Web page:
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  Sassoon in the city

Sassoon in the city

Published : Feb 10, 2016, 9:50 pm IST
Updated : Feb 10, 2016, 9:50 pm IST

The Sassoon family and Mumbai share a close bond, one that is reflected in many of our heritage structures and institutions even today. So when a descendant of the family visited the city to trace his roots, we tagged along, in a bid to be reintroduced to its many forgotten charms.

Ranjit Madhavji and (right)Timothy Sassoon pose with a 1920s Kodak camera at the Hamilton Studios. (Photo: Shripad Naik)
 Ranjit Madhavji and (right)Timothy Sassoon pose with a 1920s Kodak camera at the Hamilton Studios. (Photo: Shripad Naik)

The Sassoon family and Mumbai share a close bond, one that is reflected in many of our heritage structures and institutions even today. So when a descendant of the family visited the city to trace his roots, we tagged along, in a bid to be reintroduced to its many forgotten charms.

It’s a weekday afternoon and Hamilton Studios in Ballard Estate bears a peaceful stillness, making an occasional tinkle every time someone passes through its chimed curtains. Owner Ranjit Madhavji has made a rare visit to the studio. His health does not permit him to leave the house for long hours, but the man has been waiting all afternoon for a special guest to arrive. “When I came to know that a ‘Sassoon’ was going to visit, I had to be there,” says the octogenarian, referring to Timothy Sassoon, the great-great-great grandson of David Sassoon, the Baghdadi Jew who was one of the richest men in Mumbai. In his time (mid-1800s), the Sassoon family built several of the landmarks of this city. To this day, the David Sassoon library and the Sassoon docks are reminders of that legacy, but there are other places that have fallen out of popular memory.

 

Hamilton Studios’ link with the Sassoons is largely forgotten by the city, but not by its owner. Madhavji’s keenness to meet Timothy (or Tim, as he is known) has to do with the fact that his studio, bought in 1958, used to stand as Sir Victor Sassoon’s house before the purchase was made. Hence, an invitation was extended to his great grand nephew, who wanted to visit places associated with his family.

This is his third visit to the city, but Tim, who owns a visual effects and post-production studio in Los Angeles, is as curious as a first-time traveller, reaching for his smart phone at the hint of a potential capture. A black and white portrait of Madhubala that hangs on the wall catches his fancy in particular and he goes back to it to get a better click. “I’d need more than a day to do justice to this goldmine,” he says, referring to the studio where almost everything is a collector’s item.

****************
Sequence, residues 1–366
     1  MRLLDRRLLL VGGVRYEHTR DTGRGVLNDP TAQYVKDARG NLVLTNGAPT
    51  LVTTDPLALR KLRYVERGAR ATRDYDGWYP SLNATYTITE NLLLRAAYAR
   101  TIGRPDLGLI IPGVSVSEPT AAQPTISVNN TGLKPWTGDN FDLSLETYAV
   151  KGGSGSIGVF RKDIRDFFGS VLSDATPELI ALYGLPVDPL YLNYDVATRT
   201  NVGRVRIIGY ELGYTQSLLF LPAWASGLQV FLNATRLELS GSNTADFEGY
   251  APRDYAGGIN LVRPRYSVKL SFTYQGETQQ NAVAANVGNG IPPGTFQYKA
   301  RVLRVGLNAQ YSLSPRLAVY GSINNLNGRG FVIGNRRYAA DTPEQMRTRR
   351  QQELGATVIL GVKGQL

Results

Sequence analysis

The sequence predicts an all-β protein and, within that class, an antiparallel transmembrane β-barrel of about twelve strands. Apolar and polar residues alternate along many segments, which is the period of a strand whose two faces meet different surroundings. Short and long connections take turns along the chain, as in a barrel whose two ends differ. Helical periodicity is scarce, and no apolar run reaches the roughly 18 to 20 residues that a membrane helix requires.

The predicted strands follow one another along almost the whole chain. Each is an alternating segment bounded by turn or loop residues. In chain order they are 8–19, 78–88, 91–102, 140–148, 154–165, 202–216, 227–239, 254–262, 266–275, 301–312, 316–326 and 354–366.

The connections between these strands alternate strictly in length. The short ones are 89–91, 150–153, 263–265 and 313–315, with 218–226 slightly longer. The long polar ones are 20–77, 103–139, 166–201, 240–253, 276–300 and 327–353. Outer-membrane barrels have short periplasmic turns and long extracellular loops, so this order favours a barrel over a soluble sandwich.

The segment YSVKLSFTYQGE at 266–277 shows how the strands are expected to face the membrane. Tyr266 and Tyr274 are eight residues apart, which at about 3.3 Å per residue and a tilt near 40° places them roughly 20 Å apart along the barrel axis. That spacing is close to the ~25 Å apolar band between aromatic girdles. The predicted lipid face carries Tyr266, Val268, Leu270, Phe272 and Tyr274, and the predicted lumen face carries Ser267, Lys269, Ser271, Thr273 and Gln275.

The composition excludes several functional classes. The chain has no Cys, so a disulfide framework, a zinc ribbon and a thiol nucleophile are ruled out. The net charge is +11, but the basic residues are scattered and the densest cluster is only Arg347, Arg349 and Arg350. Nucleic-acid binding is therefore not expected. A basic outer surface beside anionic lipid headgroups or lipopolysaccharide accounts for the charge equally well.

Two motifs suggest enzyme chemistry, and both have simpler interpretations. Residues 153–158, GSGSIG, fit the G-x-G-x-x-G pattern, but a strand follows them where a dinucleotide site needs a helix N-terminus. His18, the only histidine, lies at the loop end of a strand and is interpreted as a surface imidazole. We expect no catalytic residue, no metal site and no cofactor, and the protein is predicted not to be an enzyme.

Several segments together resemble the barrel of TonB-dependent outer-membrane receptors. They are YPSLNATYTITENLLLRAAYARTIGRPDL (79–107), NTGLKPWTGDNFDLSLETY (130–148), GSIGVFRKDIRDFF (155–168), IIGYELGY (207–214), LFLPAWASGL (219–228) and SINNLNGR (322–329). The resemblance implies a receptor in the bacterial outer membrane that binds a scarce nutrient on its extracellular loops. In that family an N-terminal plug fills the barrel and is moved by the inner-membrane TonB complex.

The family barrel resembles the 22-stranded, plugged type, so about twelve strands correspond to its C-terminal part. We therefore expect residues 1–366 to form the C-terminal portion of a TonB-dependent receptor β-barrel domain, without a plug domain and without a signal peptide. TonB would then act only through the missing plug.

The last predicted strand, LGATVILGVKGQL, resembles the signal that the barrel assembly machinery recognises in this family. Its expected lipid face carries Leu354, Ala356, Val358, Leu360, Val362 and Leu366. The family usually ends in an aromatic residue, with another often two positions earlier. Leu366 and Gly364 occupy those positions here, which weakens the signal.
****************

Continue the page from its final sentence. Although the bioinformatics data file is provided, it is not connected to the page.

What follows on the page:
Portraits of Zeenat Amaan, Vinod Khanna and JRD Tata among others adorn the walls. Inside, a 1920s Kodak portrait camera stands tall with lights — equally old — placed alongside. “It’s impossible to get the bulbs for them these days. I looked all over the city and even abroad but my niece finally found some in a little shop in Delhi. I told her to buy them all,” says Ajita Madhavji who now runs her father’s studio. Piles of dust-coated negatives lie in the corner, waiting to be digitised and archived into a coffee-table book. Untouched by the world outside, the studio has stayed true to its sepia-toned era, pulling everything and everyone that crosses its path, into a time warp.

 

After a tour of the place, and discussing his admiration for traditional cameras and dislike for digital ones, Madhavji senior regales us with tales of how he had bought Hamilton with a blank cheque, pulled off photographing 220 employees of Crawford Bailey in one room in a single shot, and managed to blow up a 20 feet portrait using traditional equipment.

Coming back to the reason they were meeting this day, Tim pulls out a picture he had found earlier in the day, of his uncle Victor. Recounting an anecdote he had read, Tim says, “Sir Victor was a bachelor for most of his life and married only in old age. But he was very popular with the women. When someone asked him the secret behind it, he said, ‘Well, half my ancestors were women’.”

 

Tim is able to quote many such anecdotes and for a sixth generation Sassoon (since David), he knows his ancestral history very well. He is able to roughly draw up a family tree in his mind with names that spill over a couple of dozens and when stuck, he pulls out his phone to show a picture of the tree that runs across two pages. He admits that not many from his family have made an effort to do so. On his last visit, Tim had made a generous donation to the David Sassoon library and is here again, discussing its prospects and challenges with the DSL president, Mr Vivek Ajgaonkar. “It’s a privilege to be able to relive what your ancestors built ages ago. I am very fortunate,” says Tim as he walks through the edifice built and named after his family patriarch. He is here on a particular mission today. “I want to capture the sculpture on my phone so I can take a 3D printout of it. I could keep it in my house or better even give it to one of the institutions associated with the Sassoon trust,” he says referring to the only full-length statue of David Sassoon (turbaned, bearded, wearing flowing robes) anywhere in the world. It was in 1870 that the library was built with a donation of `60,000 from David Sassoon, with the rest coming from the British government. Tim holds a patron membership of the library today.